October is off to an inauspicious start in Alabama for some regional hospitals. Three hospitals that are part of the DCH Health System – DCH Regional Medical Center, Northport Medical Center, and Fayette Medical Center – were hit with a variation of the Ryuk ransomware. As of October 4th, the hospitals are still being impacted by the ransomware and are redirecting non-critical new patients to other hospitals but are continuing to care for existing patients.
Ryuk is a particularly nasty strain of malware that was first discovered in August of 2018. Ryuk is generally used as part of sophisticated targeted attacks aimed at larger enterprise organizations in a practice known as “Big Game Hunting”– essentially targeting larger organizations for larger ransoms, although Ryuk has been used to target smaller organizations as well.
The effected hospitals were able to continue functioning because they had crafted plans to operate without their computer systems. This is part of a good incident response plan that all organizations should have – basically, pre-plan how to operate if something bad happens so that when you find yourself in that situation, you are prepared.
60% of businesses that suffer a data loss – such as one caused by ransomware – go out of business within six months due to a combination of loss of revenue, expenses to remediate the situation and/or recover or recreate the data, loss of customers, and a loss of reputation. So, what differentiates those 60% that don’t survive versus the 40% that do?
Some people might attribute that to luck. Roman philosopher Seneca is famously quoted as saying “Luck is what happens when preparation meets opportunity”. Organizations that survive these types of events tend to be the ones that had contingency plans and proper risk management governance.
What can companies do to make their own luck?
- Ensure that they have a solid, multi-layer defense against malware, including firewalls with an unified threat management capability with an active and up-to-date subscription, endpoint antivirus, and endpoint antimalware. A solid and layered malware system will dramatically lower the chance of malware reaching your endpoints.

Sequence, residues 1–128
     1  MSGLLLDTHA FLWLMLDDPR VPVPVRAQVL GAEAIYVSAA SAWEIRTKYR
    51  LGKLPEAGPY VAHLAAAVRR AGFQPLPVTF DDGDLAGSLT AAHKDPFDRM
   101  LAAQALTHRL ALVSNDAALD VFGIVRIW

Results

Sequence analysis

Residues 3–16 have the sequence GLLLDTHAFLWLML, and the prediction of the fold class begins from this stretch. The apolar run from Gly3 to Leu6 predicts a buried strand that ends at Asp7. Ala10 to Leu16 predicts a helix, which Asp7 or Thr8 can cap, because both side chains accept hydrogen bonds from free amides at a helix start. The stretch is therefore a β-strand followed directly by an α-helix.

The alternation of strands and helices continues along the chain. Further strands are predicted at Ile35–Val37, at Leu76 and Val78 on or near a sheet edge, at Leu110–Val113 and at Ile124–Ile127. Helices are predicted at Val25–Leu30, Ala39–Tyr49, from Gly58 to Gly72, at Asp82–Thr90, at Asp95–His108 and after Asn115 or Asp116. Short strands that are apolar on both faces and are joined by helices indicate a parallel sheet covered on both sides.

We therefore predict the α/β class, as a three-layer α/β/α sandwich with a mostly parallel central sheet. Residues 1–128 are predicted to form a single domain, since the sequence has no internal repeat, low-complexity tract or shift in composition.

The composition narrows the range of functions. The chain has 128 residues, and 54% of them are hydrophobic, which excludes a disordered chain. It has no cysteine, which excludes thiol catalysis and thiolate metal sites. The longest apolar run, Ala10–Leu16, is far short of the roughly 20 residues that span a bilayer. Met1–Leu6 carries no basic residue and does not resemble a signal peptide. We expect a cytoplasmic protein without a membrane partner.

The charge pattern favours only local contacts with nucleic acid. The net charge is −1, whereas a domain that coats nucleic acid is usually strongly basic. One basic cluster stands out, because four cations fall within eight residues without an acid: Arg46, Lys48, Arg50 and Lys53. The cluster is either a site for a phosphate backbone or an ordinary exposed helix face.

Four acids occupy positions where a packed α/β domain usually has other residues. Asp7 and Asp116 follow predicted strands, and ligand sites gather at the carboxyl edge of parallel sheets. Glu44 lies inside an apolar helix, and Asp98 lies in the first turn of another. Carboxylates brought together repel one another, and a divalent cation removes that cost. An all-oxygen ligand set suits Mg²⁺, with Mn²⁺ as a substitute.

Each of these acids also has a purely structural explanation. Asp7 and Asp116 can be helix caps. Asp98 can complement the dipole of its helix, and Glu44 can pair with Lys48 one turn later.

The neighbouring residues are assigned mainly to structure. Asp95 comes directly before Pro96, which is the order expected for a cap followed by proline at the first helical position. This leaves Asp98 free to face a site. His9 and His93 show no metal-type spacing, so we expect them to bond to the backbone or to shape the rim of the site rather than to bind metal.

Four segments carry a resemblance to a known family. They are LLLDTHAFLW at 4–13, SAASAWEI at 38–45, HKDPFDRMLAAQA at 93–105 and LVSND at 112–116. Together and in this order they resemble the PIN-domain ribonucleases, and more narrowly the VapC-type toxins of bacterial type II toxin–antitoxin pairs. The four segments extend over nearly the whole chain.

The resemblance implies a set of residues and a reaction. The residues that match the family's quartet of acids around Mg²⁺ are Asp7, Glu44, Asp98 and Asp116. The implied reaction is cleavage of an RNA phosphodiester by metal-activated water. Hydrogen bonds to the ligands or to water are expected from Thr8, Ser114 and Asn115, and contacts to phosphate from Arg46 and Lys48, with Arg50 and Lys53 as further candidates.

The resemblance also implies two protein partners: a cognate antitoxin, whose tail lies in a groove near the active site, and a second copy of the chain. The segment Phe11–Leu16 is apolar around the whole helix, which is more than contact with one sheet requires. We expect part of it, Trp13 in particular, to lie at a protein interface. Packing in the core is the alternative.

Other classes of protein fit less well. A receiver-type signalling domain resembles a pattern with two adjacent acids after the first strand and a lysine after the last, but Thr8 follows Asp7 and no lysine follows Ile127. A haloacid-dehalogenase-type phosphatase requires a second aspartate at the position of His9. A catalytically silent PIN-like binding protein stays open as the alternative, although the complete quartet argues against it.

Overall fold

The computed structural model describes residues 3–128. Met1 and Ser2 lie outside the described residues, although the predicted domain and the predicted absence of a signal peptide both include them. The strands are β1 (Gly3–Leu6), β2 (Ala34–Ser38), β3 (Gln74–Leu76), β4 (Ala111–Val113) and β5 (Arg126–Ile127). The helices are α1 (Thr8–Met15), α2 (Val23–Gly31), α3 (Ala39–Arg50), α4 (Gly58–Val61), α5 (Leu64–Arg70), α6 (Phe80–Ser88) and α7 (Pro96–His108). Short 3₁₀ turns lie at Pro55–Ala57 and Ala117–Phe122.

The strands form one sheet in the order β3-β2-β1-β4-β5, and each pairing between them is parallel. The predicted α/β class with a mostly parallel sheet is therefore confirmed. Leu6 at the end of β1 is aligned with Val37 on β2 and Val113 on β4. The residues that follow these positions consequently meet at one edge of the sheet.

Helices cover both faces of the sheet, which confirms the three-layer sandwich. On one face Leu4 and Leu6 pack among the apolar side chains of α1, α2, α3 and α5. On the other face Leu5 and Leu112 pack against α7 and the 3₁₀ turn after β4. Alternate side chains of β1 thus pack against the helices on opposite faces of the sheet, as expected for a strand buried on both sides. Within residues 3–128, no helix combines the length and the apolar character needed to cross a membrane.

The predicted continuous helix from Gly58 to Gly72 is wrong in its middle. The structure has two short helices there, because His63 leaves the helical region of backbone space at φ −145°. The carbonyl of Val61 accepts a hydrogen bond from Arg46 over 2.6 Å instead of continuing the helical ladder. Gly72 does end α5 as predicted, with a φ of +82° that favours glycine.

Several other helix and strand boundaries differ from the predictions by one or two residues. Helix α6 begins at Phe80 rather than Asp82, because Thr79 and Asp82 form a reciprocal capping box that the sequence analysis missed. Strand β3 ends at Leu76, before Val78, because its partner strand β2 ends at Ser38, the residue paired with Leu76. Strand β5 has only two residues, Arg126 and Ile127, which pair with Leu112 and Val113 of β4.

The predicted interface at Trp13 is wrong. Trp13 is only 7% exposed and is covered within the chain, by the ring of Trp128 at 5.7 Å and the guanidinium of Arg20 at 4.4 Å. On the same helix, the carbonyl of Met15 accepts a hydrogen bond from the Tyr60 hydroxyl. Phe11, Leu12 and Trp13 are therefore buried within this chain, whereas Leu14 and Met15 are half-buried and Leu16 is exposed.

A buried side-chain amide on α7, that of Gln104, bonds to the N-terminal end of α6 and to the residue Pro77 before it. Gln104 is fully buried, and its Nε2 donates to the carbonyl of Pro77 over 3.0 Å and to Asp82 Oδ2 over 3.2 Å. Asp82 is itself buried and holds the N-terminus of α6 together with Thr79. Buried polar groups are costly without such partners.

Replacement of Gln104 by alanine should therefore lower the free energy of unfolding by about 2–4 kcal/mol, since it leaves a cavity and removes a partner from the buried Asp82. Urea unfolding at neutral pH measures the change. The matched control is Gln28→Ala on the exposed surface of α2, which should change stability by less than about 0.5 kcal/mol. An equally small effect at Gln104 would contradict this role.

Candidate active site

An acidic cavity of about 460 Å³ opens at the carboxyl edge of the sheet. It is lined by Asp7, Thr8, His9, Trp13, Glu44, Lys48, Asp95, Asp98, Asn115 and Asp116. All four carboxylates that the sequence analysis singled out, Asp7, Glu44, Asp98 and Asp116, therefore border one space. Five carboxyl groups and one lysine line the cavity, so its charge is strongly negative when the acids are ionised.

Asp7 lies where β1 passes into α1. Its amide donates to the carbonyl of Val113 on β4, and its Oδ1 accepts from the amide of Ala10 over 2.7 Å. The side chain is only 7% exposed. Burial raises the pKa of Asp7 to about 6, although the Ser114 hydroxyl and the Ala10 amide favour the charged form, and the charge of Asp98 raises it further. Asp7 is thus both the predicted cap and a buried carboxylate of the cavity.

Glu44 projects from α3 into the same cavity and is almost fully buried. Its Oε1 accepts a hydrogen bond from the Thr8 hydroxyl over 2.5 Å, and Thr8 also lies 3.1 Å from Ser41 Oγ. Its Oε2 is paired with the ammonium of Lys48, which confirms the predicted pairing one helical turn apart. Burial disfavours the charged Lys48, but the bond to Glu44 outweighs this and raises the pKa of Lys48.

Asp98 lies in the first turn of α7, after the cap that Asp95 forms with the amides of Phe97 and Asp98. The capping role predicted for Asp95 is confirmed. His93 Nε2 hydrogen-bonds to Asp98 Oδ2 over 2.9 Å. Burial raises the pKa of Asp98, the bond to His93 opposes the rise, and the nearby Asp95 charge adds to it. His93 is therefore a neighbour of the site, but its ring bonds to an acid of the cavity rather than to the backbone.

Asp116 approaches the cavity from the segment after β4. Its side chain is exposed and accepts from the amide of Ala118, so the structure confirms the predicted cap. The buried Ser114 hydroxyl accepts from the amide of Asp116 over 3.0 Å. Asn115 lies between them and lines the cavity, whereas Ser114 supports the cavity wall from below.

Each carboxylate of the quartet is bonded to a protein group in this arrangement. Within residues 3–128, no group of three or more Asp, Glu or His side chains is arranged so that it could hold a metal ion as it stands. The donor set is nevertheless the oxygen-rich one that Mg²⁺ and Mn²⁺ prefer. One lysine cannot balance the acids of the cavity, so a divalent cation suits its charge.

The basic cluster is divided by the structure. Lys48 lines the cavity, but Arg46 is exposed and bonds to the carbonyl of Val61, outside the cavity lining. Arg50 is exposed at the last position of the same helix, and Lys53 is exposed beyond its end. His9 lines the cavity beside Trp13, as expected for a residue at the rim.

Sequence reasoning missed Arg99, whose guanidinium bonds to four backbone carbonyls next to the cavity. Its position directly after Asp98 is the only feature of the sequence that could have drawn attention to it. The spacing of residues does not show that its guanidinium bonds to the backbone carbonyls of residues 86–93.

- Ensure that employees are properly trained in email security; According to FireEye, 91% of cyber attacks begin with an email. Employees being trained to recognize attacks can reduce the chance that malware that makes it through the first technical layer are able to take hold. Furthermore, properly training your employees in email security will help make your organization less vulnerable to non-technical attacks, such as invoice fraud and CEO scams.
- It is not enough to just try to prevent an attack, you must assume that something may eventually get in and you will need to be able to recover from an attack. Ensure that you have proper backups for ALL critical systems and ALL critical data, with the ability to rapidly recover from those backups. If it takes 3 days to recover, that’s 3 days of business you are going to lose.
CORTEX offers services to help with all of these processes and more. Please contact us for more information on how we can help you and your business better protect itself from ransomware attacks like these.